Linville Was “Bernie Madoff” Of Fuel Delivery In Ripley County
By Mike Perleberg
Steven Linville. Photo by Ripley County Sheriff’s Office.
(Ripley County, Ind.) – A co-op employee who bilked dozens of local businesses out of fuel has been sent to prison.
Steven Linville, of Osgood, was in Ripley County Superior Court on Thursday where he received a sentence of 12 years in prison and three years on probation.
The 48-year-old had pleaded guilty last October to three counts of Theft (level 6 felony) and three counts of Delivery of False Sales Documents (level 6 felony). In exchange for the plea, 28 other counts were dismissed.
Prosecutors had asked for a sentence of 15 years with five years suspended to probation, and Linville’s defense attorney solely requested probation and/or community corrections. Judge Ryan King’s sentence was ultimately harsher than either of those.
Linville was the fuel manager for Laughery Valley Ag Co-Op for several years. Two years ago, he was accused of scheming to short customers fuel between October 2014 and October 2015. The extra fuel was then sold to a service station in Osgood owned by his uncle, Ripley County Commissioner Bob Linville.
Only the thefts between 2014 and 2015 were encompassed in the charges, but King noted that other thefts were allegedly committed outside that window. King considered that an aggravating factor in rendering the sentence.
The owner of Laughery Valley Ag Co-Op told the judge the thefts scheme amounted to more than $369,000 over the years. Due to the limits by the charges, Linville was only ordered to repay $98,310 in restitution to the co-op.
But the harm to Linville’s former employer goes beyond the money. Its reputation has also taken a hit. The court had heard testimony from James “Keith” Everhart, the general manager of Laughery Valley Ag Co-Op.
“The damage done to the victim from the wedge driven by the Defendant between the victim and its customers is palpable,” King said.
Linville was a middle man between the co-op and its more than 350 customers. The judge called the thefts a two-pronged violation of trust.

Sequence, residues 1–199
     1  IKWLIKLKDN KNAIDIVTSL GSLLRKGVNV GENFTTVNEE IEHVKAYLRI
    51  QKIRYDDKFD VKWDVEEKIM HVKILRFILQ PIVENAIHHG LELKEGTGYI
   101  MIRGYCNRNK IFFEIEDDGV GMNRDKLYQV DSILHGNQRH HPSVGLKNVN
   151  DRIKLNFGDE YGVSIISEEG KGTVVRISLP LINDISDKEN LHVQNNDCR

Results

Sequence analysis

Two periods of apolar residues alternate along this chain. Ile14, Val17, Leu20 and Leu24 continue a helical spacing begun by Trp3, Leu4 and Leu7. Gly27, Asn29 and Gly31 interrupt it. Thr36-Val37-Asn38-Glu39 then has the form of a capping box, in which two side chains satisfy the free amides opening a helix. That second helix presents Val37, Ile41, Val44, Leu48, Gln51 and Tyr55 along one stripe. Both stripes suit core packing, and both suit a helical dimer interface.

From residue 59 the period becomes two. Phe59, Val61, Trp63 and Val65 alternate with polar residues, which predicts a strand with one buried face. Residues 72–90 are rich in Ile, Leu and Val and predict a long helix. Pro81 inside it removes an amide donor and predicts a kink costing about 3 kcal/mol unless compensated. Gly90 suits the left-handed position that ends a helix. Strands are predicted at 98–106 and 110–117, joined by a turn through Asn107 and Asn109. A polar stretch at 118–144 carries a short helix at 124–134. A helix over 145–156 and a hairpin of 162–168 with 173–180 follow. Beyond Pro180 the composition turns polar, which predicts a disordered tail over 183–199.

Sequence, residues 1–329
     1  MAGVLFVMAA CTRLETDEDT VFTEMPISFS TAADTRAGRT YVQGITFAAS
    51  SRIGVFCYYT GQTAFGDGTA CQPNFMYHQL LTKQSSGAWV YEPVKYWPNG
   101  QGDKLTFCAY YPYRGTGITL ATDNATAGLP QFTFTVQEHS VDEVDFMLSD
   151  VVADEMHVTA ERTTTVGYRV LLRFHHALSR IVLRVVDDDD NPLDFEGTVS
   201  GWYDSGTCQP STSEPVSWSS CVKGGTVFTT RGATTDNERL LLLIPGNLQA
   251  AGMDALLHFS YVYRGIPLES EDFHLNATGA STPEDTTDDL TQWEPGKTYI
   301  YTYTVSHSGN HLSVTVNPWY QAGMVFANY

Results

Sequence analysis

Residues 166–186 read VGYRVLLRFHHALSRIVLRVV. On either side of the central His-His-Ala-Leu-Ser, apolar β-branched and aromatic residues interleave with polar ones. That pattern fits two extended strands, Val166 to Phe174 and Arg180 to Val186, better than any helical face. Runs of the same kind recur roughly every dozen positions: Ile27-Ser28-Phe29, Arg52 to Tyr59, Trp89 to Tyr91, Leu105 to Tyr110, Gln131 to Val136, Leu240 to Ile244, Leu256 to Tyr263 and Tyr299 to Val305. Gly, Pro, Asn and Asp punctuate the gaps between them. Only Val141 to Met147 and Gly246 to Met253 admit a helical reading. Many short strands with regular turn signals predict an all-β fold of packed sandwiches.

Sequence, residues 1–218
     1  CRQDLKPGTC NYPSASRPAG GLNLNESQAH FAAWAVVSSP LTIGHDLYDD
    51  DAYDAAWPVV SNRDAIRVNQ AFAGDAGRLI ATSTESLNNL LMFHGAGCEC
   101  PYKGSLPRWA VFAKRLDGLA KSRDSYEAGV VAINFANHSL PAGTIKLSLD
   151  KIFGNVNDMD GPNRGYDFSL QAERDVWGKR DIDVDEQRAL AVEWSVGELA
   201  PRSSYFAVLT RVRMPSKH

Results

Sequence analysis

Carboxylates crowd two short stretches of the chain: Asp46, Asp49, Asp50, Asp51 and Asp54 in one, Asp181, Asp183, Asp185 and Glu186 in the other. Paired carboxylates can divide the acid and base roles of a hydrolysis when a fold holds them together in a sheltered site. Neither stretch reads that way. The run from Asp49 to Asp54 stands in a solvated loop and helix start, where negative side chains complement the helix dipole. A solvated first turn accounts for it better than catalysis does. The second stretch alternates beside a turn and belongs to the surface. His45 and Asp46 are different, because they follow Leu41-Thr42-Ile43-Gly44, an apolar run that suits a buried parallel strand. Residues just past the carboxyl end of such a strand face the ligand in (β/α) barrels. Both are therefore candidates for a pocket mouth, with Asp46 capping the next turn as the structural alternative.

Steven Linville recognized that his crimes have embarrassed “certain persons that had nothing to do with his criminal enterprise,” King noted.
Customers of Laughery Valley Ag Co-Op who believe they had also been victimized by Linville’s scheme were in the courtroom. Those alleged victims said they were told by prosecutors that while their losses were believed to be real, they could not be proven in court.
Those customers tell Eagle Country 99.3 they noticed suspicious activity by Steven Linville when he would come to fill their tanks, such as his refusal to provide tickets for the fuel delivered. One customer said they reviewed the fuel purchasing records after Linville’s arrest, realizing he had on one occasion purported to put significantly more fuel into a storage tank than the tank could actually hold.
Many of those businesses never suspected Linville, who they described as respectful and friendly when making the deliveries. When their fuel repeatedly ran out before it should have, those business owners began to suspect their own employees or family members of stealing it.
“He was a Bernie Madoff. It was terrible. We should have suspected him,” said one co-op customer, who asked to remain unidentified.
The 15-year sentence for Linville was well-received by the dozens of businesses who likely won’t see any restitution.
“I was absolutely happy, because, first of all, you’re not going to get any money out of him anyway,” the customer said.
Another customer said they wished Linville would have received more jail time.
Bob Linville could not be reached for comment by phone at his home or business Friday morning.